Scott Coker: Kevin is a dynamic. We have been friends for a while and I love the guy. He has great energy; there have been some mishaps in the past but he has got his body back to 100 percent healthy. I think he could be a force at 205 pounds. And if he is not we will find out really quickly against guys like Renato Sobral, Bobby Southworth, Tito Ortiz, and some of the other guys we either have or are talking to right now.
Brian Oswald (MMAmania.com): I couldn’t help but notice Andrei Arlovski in attendance at "Shamrock vs. Diaz." How great would a fight between him and Alistair Overeem be for the Strikeforce heavyweight title (depending on how things play out with Affliction)?
Scott Coker: I would love to see that. If he becomes a free agent I will be having a conversation with him.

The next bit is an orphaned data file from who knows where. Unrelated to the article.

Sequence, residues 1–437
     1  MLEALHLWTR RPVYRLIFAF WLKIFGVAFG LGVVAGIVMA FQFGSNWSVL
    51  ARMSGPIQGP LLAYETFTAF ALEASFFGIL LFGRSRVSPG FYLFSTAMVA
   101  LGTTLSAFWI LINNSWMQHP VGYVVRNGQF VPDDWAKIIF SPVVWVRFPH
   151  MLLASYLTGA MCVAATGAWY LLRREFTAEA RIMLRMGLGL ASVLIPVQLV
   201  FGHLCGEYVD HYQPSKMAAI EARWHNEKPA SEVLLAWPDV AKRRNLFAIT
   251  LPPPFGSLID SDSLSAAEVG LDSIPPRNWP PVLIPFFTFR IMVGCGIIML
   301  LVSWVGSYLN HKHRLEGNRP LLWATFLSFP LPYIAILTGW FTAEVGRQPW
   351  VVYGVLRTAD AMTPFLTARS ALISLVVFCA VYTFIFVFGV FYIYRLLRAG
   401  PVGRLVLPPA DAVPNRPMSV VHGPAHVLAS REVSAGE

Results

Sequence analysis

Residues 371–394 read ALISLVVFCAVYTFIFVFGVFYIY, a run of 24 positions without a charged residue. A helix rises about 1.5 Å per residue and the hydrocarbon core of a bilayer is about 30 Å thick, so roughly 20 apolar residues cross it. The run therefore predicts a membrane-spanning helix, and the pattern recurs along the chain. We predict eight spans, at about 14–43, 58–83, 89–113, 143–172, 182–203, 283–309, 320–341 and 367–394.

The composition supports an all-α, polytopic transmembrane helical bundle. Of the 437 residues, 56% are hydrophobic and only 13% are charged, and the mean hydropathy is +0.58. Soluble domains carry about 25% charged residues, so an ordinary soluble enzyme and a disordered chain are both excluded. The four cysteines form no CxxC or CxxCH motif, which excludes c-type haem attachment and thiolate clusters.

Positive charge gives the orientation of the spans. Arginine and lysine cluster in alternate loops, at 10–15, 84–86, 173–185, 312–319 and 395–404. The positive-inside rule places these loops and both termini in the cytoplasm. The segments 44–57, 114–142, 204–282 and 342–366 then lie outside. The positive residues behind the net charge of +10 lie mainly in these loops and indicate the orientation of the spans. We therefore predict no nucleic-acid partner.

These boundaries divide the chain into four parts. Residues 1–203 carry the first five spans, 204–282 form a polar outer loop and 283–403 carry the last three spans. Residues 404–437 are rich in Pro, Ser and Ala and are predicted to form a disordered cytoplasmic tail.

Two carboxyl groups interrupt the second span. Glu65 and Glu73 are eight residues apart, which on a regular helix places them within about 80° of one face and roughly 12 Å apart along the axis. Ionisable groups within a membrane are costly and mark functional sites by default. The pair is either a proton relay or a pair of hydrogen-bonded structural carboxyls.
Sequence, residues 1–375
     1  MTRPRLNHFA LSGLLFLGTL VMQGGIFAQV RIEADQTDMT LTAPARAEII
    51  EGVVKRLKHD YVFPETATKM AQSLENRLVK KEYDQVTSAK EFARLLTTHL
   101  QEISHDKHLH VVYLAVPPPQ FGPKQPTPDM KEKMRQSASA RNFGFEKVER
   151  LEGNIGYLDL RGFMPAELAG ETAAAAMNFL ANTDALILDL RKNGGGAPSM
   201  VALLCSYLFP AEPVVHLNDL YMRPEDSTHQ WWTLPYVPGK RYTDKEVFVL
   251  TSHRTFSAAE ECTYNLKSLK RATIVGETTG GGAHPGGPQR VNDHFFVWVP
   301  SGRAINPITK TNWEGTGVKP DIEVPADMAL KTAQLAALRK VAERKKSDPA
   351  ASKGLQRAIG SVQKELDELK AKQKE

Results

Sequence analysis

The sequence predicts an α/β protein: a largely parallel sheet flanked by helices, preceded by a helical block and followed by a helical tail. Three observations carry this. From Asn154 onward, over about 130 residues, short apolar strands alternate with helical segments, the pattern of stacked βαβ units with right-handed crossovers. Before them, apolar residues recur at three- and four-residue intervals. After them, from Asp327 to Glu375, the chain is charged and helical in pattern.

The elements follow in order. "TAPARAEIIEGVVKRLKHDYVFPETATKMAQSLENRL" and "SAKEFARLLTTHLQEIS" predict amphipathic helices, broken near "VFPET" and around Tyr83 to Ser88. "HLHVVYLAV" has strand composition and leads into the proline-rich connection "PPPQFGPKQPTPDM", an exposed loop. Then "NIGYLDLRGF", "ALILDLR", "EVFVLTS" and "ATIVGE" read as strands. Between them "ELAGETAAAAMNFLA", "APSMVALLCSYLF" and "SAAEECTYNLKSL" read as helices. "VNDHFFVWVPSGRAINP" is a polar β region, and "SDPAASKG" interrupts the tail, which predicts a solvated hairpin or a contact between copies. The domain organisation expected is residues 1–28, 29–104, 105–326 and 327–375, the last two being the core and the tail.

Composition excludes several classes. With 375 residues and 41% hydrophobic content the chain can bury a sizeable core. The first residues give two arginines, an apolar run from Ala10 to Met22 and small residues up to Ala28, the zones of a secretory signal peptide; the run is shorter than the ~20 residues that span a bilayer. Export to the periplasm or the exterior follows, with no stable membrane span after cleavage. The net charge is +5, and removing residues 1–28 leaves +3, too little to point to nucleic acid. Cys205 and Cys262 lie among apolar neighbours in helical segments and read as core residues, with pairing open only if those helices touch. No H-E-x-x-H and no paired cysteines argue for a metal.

Brian Oswald (MMAmania.com): It is no surprise that your roster is filled with former UFC fighters and champions. Do you think this reality could leave some people to perceive that Strikeforce is a "purgatory" for fighters who can’t compete on the highest level?
Scott Coker: I have to disagree with that assertion. Our heavyweight champion Alistair Overeem has never fought in the UFC. Jake Shields, a future welterweight champion, has never fought in the UFC.
Cung Le, our middleweight champion, has never fought in the UFC. Josh Thompson competed in the UFC but they dropped their lightweight division so he came over to us. Josh never got to fight the best of the UFC.